Last week John and I had some time before a park meetup, so we moseyed over to the new Skipper Canteen restaurant in Adventureland.
We'd heard it's almost always a walk-in - no reservations needed (or even accepted, last I checked) - and the rumors are true: the cast members at the exterior check-in podium looked positively GIDDY when we asked for a table.
Here's the interior courtyard, presumably where you wait if the place is full:
Your first look inside is another waiting area/lobby:
... with a pretty eclectic design. It feels like Caribbean meets... Victorian? Which I suppose does equal West Indies...
Here's the little sitting area outside those shuttered doors:
You may notice the lack of any people. We certainly did. o.0
(Granted, this was mid-afternoon on a weekday, but this is also DISNEY, so... foreshadowing?)
There's a nifty contraption on the ceiling:
It took me a moment to realize it was moving on a motor, not just being blown by the slight breeze. It's supposed to be an old-timey fan of sorts, but moves so slowly that it's really just decorative.
Now let's get to the good stuff. Here's the main dining hall:
When I first saw photos of the Canteen, I'll admit I was really disappointed - and this room is a big reason why. Don't get me wrong, it's lovely, but it's not the cram-packed Jungle Cruise homage I was expecting. I hoped for a restaurant-sized Hangar Bar or Trader Sam's, both of which are densely packed with obscure treasures and elaborately themed down to the tiniest detail. This... is not.
However, there is still hope! Because through this "hidden" doorway built into a set of bookcases:
...lies the S.E.A. Room.
The S.E.A. Room (which stands for Society of Explorers & Adventurers) is much closer to what I originally hoped for, and echoes the beyond-stunning Magellan's Restaurant in Tokyo Disneyland.
The prettiest seat in the room has to be this Butterfly Booth:
But there are also stunning carved reliefs and maps around the other tables:
And check out the ceiling!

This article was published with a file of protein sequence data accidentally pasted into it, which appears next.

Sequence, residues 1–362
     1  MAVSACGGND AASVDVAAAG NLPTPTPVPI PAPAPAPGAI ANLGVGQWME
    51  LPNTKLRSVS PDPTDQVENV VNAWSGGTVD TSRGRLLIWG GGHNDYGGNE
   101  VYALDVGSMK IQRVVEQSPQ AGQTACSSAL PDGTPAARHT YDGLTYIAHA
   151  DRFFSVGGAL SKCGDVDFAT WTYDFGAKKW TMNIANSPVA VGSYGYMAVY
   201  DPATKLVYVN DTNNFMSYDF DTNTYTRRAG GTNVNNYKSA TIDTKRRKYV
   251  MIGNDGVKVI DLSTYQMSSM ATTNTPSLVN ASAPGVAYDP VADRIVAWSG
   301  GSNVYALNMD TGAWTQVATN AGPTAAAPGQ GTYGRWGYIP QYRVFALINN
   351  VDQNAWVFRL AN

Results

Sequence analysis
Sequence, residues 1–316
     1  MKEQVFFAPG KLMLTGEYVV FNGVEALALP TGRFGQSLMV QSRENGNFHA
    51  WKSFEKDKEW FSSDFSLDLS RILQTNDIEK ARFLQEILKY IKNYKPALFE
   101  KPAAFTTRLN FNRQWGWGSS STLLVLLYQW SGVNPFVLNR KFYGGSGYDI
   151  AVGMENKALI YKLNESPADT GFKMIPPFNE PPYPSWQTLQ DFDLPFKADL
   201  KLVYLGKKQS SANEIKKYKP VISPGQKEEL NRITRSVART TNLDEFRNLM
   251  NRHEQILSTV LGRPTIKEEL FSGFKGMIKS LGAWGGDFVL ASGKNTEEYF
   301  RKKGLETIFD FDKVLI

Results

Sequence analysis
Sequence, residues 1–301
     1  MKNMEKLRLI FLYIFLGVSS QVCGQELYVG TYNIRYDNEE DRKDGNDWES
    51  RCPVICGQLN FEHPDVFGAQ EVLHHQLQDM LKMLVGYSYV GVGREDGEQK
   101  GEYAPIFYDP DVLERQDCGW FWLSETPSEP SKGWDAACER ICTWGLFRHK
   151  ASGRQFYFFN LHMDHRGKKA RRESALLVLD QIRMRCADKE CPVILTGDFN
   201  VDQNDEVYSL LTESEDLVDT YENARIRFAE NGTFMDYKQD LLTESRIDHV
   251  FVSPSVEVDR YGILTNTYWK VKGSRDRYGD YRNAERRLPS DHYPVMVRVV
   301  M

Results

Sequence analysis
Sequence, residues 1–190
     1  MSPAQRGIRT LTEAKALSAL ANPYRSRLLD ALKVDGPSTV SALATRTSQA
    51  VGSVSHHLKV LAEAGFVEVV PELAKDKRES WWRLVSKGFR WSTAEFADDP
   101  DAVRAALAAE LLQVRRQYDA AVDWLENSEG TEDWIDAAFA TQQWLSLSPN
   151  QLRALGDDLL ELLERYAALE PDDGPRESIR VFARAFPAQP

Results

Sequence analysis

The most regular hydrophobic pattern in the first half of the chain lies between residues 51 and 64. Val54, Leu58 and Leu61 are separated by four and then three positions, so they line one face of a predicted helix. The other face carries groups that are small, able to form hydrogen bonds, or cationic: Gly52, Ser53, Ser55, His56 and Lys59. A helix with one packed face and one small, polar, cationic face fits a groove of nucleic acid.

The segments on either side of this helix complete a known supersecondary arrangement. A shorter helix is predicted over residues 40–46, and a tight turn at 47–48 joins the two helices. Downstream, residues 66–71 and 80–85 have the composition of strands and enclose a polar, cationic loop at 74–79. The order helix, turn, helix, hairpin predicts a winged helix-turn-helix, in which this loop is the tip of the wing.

We shared the room with two other families, but here's a people-free shot from Tom Bricker's review:
(Tom's photos blow mine out of the water, btw, so I highly recommend clicking over to Disney Tourist Blog to see the rest.)
That back wall houses plenty of exotic-looking statuary, masks, and relics:
Of the three dining areas in Skipper Canteen, the S.E.A. Room is the smallest and the Mess Hall is the largest. The Jungle Room is in between in size, and lives up to its name with bold tropical colors and lots of wicker and wood accents:
Mostly dishware on display, but with plenty of fun finds tucked in:
Another colorful stained glass fixture:
So now that you have a sense of what the place looks like, lets talk food.
John, could you hold...?
The menu is somewhat limited (these two pages are it), but the choices are pretty exciting, from noodle bowls to arepas to falafel.
The starter bread is... funky.
My first bite was quite bitter (I forget which herbs our server said are in there, but they're almost... musky? Is that possible?), but fortunately it improved with the honey dip.
We ordered the arepas appetizer, but these are nothing like the sweet fair arepas we're used to:
They come with beef, tostones, and beans, so it's like a build-your-own-taco affair. Everything except the beef was quite bland - the arepas were mostly just bread, then add beans and the yucca starch, and you can imagine why - but I still liked them all together quite well.
John did not.
For an entree we split the Skip's Mac & Cheese, which has layers of ground beef & creamy Bechamel sauce in with the pasta:
This was *also* somewhat bland (adding salt helped), but still hearty and incredibly filling. The two of us together didn't finish the large crock.
For dessert we tried the "Coconut Bar with Pineapple-Basil Compote:"
This was a dense-yet-light-tasting cake with tiny bits of pineapple and dollops of crunchy meringue decorating the plate. It was good, but not great. (And small as it was, not worth $8.)
That actually sums up my feelings on the food overall: kinda good? But not great.
John, on the other hand, won't even grant it a "kinda good." I believe he compared the overall meal to feet? But really, I think he's just bitter we paid $20 for Mac & Cheese. o.0
I should note our server kept asking how the food was - I mean, like, a LOT - which John took as a sign that the food isn't much of a crowd pleaser. I think she could tell we just weren't thrilled - although we kept assuring her everything was fine. I'll be curious to see how much the menu changes over time.
I've heard the wait staff at Canteen is supposed to be in character, ala Jungle Cruise, but sadly we didn't get that on our visit. In fact, with the constant queries on how the food was, we felt more like we were the test subjects on review night than guests at a reasonably high-end restaurant.
In summary, I doubt we'll be returning to Skipper's Canteen, but take that with a grain of "we're really cheap bastards" salt. For theme park food, though, it's fine, and the atmosphere is quite fun if you can get out of the main Mess Hall.
Speaking of which, here are some more shots on our way out:
There were slightly more people around now, as it was getting closer to dinner time.
At the far end of the Hall is an overhead balcony packed with treasures I wish we could see better:
These bits appear to be Christmas decorations - perhaps from the Jingle Cruise?
The Lost and Unfound shelf:
And what appears to be the employee's community clipboard:
My favorite find in the Hall: owner Albert Fall's office, which is over the entrance: